How this expat is taking Indian cuisine all over the US with its ready-to-eat meal kits
‘Ghar ka khana,’ has always been associated with home sickness, and more so, if you happen to be living abroad. Many times, even if you try out your favourite dishes from YouTube, it does not come out as you envisioned.
This led Ragoth Bala to start The Cumin Club that delivers easy-to-make Indian food meal kits across the US, in June 2019.
An Indian who had moved to the US in his early 20s, Ragoth, a vegetarian, had always found it difficult to eat healthy food. It is not uncommon for restaurants and office lunches to 'feature' vegetarian options such as a sandwich with just cheese, tomatoes, and a potato-patty burger.
Why meal kits?
“It wasn't easy to make all my meals either. I was working full-time and attending school in the evenings and weekends. Time was the most precious commodity, and preparing a meal from scratch was impossible. My parents came to my rescue by sending curated ingredients to me, that I could make a meal out it of in five to 10 minutes,” Ragoth says.
He soon realised these home recommended meal kits were not just healthier, but also cheaper than the other available options.
“I realised that what benefited me could benefit thousands of Indian students, working professionals, and dual income households, who all have a busy lifestyle and find it difficult to eat healthy. I truly believe that 'hasty, yet healthy' meals are possible, and started The Cumin Club,” Ragoth says.
Building the team
Ragoth floated the idea among friends, classmates, and ex-colleagues. Soon, his friend from India - Anand R liked the idea and joined as the Co-founder of The Cumin Club.
While Anand is an electrical engineer with an MBA degree in operations from SP Jain College, Ragoth, an electronics engineer, holds an MBA degree in Entrepreneurship and Strategic Management from Chicago Booth. The team currently is five people strong.
The US-based bootstrapped is both a product and a service. The platform offers meal kits with an assortment of over 25 vegetarian dishes from five different regional cuisines of India. The main ingredients include lentils, millets, vegetables, wheat, and rice. They also have recipes for popular Indian dishes such as poha, pongal, kichdi, pav bhaji, bisibelebath, and dal makhni.
Customers can fully customise their meal plan by picking a cuisine and adding their favourite dishes to the plan. With just 5-10 minutes of effort, customers can turn these meal kits into authentic dishes, using just the appliances and utensils that are commonly available in Indian households.
What does it do?
Explaining how The Cumin Club works, Ragoth says,
“The Cumin Club meal kits are different from frozen food or instant food brands whose products are preserved for several months, sometimes years. Our business model is direct-to-consumer, with a turnaround as short as 10 days, from meal kits being curated in our chefs' kitchens to meals being served at dinner tables, around the world. We have achieved a shelf life of 4-6 weeks for our ingredients, using advancements in food science (such as cryogenic freezing), instead of relying on harmful preservatives. We provide an easy and healthy alternative to restaurant food and packaged instant meals.”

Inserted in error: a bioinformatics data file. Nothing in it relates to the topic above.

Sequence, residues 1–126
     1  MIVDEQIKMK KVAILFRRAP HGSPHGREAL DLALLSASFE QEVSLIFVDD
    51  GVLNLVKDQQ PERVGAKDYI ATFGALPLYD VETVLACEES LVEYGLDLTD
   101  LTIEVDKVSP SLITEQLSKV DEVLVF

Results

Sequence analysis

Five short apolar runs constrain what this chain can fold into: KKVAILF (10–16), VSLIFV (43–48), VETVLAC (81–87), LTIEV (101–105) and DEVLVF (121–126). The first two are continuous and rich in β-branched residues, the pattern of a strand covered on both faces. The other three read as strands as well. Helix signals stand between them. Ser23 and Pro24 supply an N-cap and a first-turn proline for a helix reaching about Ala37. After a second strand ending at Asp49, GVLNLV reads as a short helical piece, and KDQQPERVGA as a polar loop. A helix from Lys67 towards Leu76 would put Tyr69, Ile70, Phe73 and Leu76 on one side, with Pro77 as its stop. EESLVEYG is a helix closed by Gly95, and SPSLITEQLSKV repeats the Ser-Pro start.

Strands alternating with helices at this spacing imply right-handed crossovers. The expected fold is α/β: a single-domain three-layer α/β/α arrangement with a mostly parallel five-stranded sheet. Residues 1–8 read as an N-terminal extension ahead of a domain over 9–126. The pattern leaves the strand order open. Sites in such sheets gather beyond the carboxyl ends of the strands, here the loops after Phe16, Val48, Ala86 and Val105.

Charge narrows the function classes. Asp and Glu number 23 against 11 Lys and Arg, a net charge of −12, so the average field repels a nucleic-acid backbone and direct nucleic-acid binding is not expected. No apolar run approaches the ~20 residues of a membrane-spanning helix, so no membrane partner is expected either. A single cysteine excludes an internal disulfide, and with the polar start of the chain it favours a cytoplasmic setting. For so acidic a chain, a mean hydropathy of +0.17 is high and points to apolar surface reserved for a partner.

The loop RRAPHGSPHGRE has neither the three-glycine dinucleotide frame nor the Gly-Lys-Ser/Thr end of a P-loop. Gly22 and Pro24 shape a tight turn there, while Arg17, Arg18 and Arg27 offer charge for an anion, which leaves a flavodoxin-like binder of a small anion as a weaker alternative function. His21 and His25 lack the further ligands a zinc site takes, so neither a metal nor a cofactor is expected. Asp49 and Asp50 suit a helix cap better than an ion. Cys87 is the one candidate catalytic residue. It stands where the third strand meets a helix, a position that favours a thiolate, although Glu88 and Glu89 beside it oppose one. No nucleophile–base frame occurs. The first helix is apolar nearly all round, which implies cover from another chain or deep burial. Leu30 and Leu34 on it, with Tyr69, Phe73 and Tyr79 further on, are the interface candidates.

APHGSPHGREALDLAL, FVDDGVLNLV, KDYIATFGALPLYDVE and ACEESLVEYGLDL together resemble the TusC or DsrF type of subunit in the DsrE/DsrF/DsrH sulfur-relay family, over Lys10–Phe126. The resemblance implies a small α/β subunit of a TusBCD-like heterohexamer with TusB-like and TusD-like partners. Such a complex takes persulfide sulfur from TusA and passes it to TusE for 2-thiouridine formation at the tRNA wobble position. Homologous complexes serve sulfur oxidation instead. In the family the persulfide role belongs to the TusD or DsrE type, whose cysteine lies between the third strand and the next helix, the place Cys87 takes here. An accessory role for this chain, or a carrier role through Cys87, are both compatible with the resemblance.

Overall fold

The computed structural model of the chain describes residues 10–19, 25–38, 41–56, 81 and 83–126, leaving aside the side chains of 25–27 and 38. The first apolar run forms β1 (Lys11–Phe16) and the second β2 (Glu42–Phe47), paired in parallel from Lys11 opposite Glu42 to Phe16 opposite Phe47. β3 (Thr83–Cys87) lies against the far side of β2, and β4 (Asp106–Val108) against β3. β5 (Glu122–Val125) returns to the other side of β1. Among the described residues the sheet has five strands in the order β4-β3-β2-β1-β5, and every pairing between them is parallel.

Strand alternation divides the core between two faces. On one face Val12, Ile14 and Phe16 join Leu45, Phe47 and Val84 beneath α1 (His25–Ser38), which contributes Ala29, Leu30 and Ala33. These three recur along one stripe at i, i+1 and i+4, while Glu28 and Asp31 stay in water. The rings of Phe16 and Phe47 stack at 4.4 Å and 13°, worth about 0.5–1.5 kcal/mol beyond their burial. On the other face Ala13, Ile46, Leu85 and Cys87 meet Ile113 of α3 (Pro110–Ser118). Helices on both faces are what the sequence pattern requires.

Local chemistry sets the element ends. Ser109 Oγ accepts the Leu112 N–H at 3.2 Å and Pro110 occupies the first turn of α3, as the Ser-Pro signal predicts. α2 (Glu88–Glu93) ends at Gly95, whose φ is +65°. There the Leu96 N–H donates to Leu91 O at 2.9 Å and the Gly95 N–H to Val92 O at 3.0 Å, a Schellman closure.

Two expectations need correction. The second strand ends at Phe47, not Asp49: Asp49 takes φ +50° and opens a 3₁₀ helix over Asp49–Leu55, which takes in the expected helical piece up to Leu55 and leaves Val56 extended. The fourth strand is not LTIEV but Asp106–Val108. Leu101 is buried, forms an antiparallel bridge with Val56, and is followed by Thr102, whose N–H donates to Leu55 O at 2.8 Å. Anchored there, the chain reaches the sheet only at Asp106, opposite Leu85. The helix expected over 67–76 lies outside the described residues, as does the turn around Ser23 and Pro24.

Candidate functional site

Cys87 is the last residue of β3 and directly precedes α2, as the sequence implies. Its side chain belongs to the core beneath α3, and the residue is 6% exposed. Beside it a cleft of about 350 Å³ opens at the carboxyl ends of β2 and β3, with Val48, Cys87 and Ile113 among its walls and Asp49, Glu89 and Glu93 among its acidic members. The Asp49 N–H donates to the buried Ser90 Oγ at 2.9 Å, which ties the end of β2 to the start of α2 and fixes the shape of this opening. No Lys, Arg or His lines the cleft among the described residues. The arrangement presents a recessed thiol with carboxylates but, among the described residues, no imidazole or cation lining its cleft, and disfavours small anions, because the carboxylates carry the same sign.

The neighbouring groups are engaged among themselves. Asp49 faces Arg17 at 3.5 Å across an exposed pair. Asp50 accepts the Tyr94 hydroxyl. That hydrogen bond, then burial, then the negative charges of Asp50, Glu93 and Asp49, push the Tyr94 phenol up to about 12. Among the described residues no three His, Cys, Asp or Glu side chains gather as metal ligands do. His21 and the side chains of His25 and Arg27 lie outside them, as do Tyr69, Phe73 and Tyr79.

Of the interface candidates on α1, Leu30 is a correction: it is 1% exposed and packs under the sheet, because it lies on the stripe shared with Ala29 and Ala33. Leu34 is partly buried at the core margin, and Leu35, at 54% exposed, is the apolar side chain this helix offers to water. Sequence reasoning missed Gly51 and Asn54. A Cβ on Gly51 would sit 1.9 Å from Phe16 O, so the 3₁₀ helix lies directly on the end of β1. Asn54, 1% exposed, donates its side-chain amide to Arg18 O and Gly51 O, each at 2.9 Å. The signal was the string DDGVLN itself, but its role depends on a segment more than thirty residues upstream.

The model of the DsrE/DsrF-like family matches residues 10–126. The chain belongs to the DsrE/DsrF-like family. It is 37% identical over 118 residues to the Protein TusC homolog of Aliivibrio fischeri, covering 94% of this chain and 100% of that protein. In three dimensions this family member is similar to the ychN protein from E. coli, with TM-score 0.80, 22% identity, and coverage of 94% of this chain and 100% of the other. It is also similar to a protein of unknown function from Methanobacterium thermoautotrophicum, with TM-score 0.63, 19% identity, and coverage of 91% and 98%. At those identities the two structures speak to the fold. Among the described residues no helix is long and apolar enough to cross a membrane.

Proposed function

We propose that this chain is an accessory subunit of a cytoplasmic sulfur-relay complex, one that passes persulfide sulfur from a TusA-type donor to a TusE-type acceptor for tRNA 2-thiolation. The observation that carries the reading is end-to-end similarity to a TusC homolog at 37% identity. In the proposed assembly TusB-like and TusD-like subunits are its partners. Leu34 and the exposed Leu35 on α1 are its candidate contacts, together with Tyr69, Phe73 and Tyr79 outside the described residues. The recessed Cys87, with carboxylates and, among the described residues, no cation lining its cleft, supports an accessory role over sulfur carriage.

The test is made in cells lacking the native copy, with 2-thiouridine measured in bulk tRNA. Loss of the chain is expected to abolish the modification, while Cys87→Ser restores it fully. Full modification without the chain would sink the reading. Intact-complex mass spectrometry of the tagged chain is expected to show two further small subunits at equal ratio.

While still a new concept in India, the concept of meal kits is picking up fast. Being Chef, a Department for Promotion of Industry and Internal Trade (DPIIT) recognised startup, also follows a similar model.
Japan-based platform Cookpad also began its operations three years ago. It enables close to 58.8 million users to share and find over 6.8 million recipes to cook at home. The company went public in 2009 and has reported a profit of $19 million. Blue Apron, a US-based platform, is also known for its meal kits.
The Cumin Club follows a subscription-based model. The meal kits cost $5.5 to $7 each, with free shipment. Each pack of 5 or 10 meal kits is marginally profitable, and the team is looking to spend more on marketing to grow the subscriber base further, to gain economies of scale in different areas of its operations.
“Since our launch in June, we have served over 4,000 meals to customers across 30 states in the US. We have also evolved our offerings from two cuisines to five cuisines from across India. The subscriber base has grown 200 percent month-over-month since launch and continues to grow as our early customers are helping us spread the word,” Ragoth says.
It takes a deep understanding of the customer base, especially for the Indian expats around the world, and a ton of experimentation with different menus from across cuisines, to see what fits the meal kit model, Ragoth explains.
Speaking of the future plans, he says, “We are planning to expand our offerings to include dishes from two more Indian cuisines and we are planning to add desserts, as well. We are also planning to expand to three more countries soon, and plan to serve a total of eight countries by the start of next year. We hope to be the go-to place for all things Indian, for Indian expats around the world.”
(Edited by Suman Singh)